Allegation No. 4: During the course of the CID's first interview of Captain MacDonald as a suspect on April 6, 1970, Colonel Kriwanek reacted to Captain MacDonald's expression of angry by immediately informing him he was "under house arrest, under guard and incommunicado. (He was not even allowed to call a lawyer.)"
Finding: Colonel Kriwanek was not present during the April 6, 1970 or any other interview of Captain MacDonald, and never spoke to him on any occasion regarding his status as a suspect or the restrictions imposed upon his activities thereof. The April 6th interview began at 0930 hours, and was conducted by CID investigators Grebner, Ivory and Shaw. At the onset, Captain MacDonald was informed that he was about to be questioned as a suspect, and advised of his rights to legal counsel and to remain silent. After completion of almost a full day of questioning, during which Captain MacDonald in no way expressed a desire for legal counsel, he went to the office of the Staff Judge Advocate and requested counsel. He was then informed that his appointed military defense counsel would be Captain James Douthat (whom MacDonald visited the following day).
At about 1630 hours on April 6th, Captain MacDonald was personally notified by Colonel Francis Kane, his commanding officer, acting with the approval of General Tolson, that he was was being placed iin a restricted status during which his movements would be controlled. He was relieved of his assigned duties and given written instructions outlining the limits of his restrictions. Essentially, he was required to remain on post in his bachelor officer's quarters (which was air conditioned and equipped with radio and television) except when visiting the office of his defense counsel, dining facilities, chapel services, and the Post Exchange. To inforce the restriction, and to prevent unauthorized persons from entering the building, a guard was posted in the hallway outside his room. His visitors were limited to those whose names appeared on an access list prepared by Colonel Kane on the basis of Captain MacDonald's requestes. This list included his military and civilian counsel and his friends.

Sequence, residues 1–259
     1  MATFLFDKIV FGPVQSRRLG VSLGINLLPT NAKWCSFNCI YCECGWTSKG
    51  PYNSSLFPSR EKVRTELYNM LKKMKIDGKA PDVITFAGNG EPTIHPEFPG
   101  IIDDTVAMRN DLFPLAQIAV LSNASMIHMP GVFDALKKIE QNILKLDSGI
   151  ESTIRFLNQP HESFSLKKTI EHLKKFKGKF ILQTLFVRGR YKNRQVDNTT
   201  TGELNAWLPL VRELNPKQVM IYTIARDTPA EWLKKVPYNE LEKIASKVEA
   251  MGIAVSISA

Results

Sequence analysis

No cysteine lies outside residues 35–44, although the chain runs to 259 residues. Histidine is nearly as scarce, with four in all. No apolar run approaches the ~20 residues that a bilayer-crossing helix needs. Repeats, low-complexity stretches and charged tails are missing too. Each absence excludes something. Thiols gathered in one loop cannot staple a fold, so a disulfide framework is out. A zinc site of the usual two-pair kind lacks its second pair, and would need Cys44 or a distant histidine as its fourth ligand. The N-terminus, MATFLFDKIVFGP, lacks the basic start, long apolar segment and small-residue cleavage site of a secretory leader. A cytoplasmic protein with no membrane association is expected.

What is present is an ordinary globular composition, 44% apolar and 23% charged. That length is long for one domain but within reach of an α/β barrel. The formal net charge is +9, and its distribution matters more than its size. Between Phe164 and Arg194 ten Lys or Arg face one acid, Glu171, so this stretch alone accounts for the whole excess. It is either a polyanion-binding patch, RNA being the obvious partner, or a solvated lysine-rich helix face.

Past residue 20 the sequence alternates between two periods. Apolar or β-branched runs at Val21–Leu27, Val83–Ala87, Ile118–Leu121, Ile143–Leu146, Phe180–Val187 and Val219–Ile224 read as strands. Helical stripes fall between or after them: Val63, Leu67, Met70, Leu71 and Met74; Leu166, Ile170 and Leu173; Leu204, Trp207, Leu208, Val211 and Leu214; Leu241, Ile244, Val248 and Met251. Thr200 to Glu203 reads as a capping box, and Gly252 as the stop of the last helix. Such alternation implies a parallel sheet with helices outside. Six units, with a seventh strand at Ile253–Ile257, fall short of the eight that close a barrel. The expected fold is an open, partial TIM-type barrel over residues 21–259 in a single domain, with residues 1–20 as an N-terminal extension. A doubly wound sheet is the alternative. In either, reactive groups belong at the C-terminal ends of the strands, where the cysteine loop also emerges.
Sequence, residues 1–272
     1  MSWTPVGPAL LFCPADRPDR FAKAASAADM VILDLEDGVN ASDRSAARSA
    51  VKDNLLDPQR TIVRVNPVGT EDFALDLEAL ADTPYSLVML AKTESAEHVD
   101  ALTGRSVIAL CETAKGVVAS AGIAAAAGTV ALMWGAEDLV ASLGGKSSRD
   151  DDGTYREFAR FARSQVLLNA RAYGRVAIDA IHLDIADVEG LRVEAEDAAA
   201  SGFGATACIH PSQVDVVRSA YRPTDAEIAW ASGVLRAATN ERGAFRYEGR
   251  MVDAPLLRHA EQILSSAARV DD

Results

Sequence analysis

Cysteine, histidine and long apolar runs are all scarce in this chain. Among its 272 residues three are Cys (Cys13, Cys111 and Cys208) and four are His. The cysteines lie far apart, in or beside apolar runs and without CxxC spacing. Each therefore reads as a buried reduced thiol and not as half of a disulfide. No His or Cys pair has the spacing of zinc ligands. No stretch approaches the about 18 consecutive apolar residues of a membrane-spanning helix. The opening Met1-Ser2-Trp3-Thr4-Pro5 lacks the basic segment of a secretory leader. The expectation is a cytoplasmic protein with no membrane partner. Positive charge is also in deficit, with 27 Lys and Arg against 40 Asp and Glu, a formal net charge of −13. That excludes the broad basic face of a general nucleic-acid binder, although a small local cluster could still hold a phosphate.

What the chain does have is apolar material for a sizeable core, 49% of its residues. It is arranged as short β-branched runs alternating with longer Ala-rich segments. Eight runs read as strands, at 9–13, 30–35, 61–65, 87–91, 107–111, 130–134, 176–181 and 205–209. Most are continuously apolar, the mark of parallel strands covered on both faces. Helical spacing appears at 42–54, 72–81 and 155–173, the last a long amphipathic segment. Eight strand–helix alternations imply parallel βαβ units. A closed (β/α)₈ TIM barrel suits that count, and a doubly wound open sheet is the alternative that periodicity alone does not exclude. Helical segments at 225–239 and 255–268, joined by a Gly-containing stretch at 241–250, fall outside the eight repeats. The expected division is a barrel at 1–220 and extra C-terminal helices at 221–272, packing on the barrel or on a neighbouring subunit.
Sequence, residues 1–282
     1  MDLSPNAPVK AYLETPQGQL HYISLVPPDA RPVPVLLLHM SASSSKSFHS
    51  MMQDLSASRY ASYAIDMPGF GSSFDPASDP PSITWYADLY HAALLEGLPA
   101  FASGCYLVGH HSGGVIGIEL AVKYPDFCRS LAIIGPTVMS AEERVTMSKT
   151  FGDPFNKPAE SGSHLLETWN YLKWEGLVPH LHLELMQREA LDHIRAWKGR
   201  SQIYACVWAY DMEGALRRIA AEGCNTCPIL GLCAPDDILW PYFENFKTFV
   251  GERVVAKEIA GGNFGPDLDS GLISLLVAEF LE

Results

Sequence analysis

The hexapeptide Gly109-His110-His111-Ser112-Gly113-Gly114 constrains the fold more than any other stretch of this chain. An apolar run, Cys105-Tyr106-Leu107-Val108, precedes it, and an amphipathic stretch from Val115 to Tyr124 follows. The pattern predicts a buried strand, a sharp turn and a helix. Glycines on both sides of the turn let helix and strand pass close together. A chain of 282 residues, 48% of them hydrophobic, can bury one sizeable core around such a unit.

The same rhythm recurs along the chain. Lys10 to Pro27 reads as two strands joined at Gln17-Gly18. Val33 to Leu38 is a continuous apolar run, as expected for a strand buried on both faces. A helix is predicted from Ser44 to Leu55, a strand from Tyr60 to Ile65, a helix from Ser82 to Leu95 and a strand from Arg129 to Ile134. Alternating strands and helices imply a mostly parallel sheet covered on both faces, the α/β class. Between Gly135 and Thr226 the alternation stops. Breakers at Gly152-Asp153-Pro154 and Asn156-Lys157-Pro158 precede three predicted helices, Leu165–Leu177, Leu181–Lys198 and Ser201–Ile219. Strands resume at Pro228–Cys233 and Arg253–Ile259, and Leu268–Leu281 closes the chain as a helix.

Initially, Captain MacDonald was not permitted to leave his room unless in the company of his defense counsel or an assigned escort officer. Since there was no telephone in his room and he had to make use of the telephone in the adjoining hallway, strict enforcement of this rule prevented him from using the telephone when neither his escort officer nor his defense counsel was present. This situation was soon corrected by relaxation of the rule; however, it should be noted that even on the evening of April 6, 1970, the first day of his restriction, Captain MacDonald was not prevented from using the telephone to call his mother, who reportedly took immediate steps to retain Mr. Bernard Segal as civilian counsel.
There is no evidence that either Captain MacDonald or his counsel ever complained to any responsible authority concerning the existence or nature of his restriction.
Allegation No. 5: By holding a news conference on April 6, 1970 and announcing to the world that Captain MacDonald was a suspect in the triple slaying, Colonel Kriwanek committed the Army to prosecution.